When the Mary- land Democrats gathered inside a charmless Green- belt ballroom for their annual fall fundraiser in September, they heard speeches from, among others, U.S. Sens. Paul S. Sarbanes and Barbara A. Mikulski, Reps. Steny H. Hoyer and Benjamin L. Cardin, and state Attorney General J. Joseph Curran Jr. The average age of this quintet: 67.6. The average of their tenure in elective office: 38.6 years.

Two of the party's most senior officials -- 83-year-old Comptroller William Donald Schaefer (an officeholder since the mid-1950s) and 61-year-old state Senate President Thomas V. Mike Miller Jr. (17 years as Senate leader, 33 in the General Assembly overall) -- did not show up at the fundraiser, but both continue to cast long shadows over the political discourse in Maryland.

And Free State Democrats wonder why they are unable to generate excitement these days.

Nothing is wrong with senior service per se. The history books are full of venerable and venerated statesmen.

It just seems that with Maryland's Democrats, well-seasoned is about all you get. And as they set their sights on knocking off Republican Gov. Robert L. Ehrlich Jr. in 2006, the implications for the state's Democratic Party are potentially disastrous.

To be sure, the two leading Democratic candidates for governor, Baltimore Mayor Martin O'Malley and Montgomery County Executive Douglas M. Duncan, are accomplished pols who are only in their forties. But some of O'Malley's sheen seems to have worn off, and voters may not feel the need to trade one glib, telegenic Baltimore-area governor for another.

And Duncan, for all his achievements, seems as though he has been around forever (and has been openly running for governor since 1996).

Sometimes, though, the overall ticket is as important as the gubernatorial candidate.

In 2002 Lt. Gov. Kathleen Kennedy Townsend proved to be a flawed nominee, and the relatively low standing of outgoing Gov. Parris N. Glendening did not help the Democrats' cause. Townsend was roundly criticized for naming retired Navy Adm. Charles R. Larson as her running mate. If only, the Monday morning quarterbacks opined, she had named someone who could have ginned up the Democratic base instead of an obscure public figure who had just switched parties. Then maybe, the Democrats would have been able to maintain their monopoly on the governor's mansion.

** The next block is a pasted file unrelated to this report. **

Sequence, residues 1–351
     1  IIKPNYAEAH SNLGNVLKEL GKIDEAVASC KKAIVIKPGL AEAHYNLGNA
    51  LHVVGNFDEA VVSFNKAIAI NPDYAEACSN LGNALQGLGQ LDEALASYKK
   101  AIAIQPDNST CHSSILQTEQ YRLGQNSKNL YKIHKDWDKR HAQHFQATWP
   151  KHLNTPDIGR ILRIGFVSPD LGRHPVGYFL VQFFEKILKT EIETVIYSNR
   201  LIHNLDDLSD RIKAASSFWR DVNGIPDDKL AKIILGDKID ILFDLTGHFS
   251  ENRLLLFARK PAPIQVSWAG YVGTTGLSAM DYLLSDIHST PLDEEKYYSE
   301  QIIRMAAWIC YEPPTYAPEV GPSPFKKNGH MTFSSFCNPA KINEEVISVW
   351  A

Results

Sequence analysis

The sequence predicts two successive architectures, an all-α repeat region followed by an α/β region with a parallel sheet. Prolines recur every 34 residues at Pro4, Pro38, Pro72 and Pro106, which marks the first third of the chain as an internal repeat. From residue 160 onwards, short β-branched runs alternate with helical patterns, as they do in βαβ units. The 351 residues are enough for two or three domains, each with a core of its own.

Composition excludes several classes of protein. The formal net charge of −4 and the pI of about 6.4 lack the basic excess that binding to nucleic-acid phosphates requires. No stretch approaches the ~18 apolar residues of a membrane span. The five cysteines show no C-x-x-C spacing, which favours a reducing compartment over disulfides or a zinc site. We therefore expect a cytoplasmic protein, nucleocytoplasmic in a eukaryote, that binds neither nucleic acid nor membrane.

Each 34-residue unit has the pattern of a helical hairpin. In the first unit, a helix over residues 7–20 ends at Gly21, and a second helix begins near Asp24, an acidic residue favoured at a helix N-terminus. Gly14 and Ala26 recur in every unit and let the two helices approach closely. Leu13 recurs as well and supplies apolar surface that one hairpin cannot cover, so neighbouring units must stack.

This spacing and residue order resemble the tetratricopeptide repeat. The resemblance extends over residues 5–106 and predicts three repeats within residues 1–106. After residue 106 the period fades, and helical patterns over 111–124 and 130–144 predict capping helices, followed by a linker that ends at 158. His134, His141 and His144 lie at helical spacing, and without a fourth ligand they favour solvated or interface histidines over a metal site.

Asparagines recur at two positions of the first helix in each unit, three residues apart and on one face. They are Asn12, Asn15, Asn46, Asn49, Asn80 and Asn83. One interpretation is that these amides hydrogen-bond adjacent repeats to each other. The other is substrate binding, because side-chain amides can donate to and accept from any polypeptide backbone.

But what about the rest of the ticket? Running against the youthful Ehrlich and his trailblazing running mate, Michael S. Steele -- also a fresh face and the first African American nominee for statewide office in Maryland -- Democrats offered voters Townsend (flawed), Larson (middle-of-the-road white guy), Curran (old white guy) and Schaefer (older white guy).

If the Democrats had nominated a different candidate for comptroller or attorney general -- a newcomer, perhaps, or someone younger, or more dynamic, or more progressive or a minority -- Larson might not have seemed such a boneheaded choice.

In most states, jobs such as attorney general and comptroller are launching pads for young and ambitious politicians. In Maryland, have they become lifetime sinecures?

Heading into 2006, Democrats face the same problem they had in 2002.

If Sarbanes, already the longest-serving senator in Maryland history, seeks a sixth term, he will head the ticket. Schaefer has said he plans to run again.

Curran, who won his first political race when Dwight D. Eisenhower was president, hasn't disclosed his plans. But all six of Maryland's Democratic members of Congress should be shoo-ins for reelection. Hoyer and Cardin have been in Congress for 23 and 17 years, respectively, and both were first elected to the state legislature in 1966.

How, given these candidates, do the Democrats sell themselves as the party of change?

-- Josh Kurtz

is the politics editor at Roll Call.

jdk@rollcall.com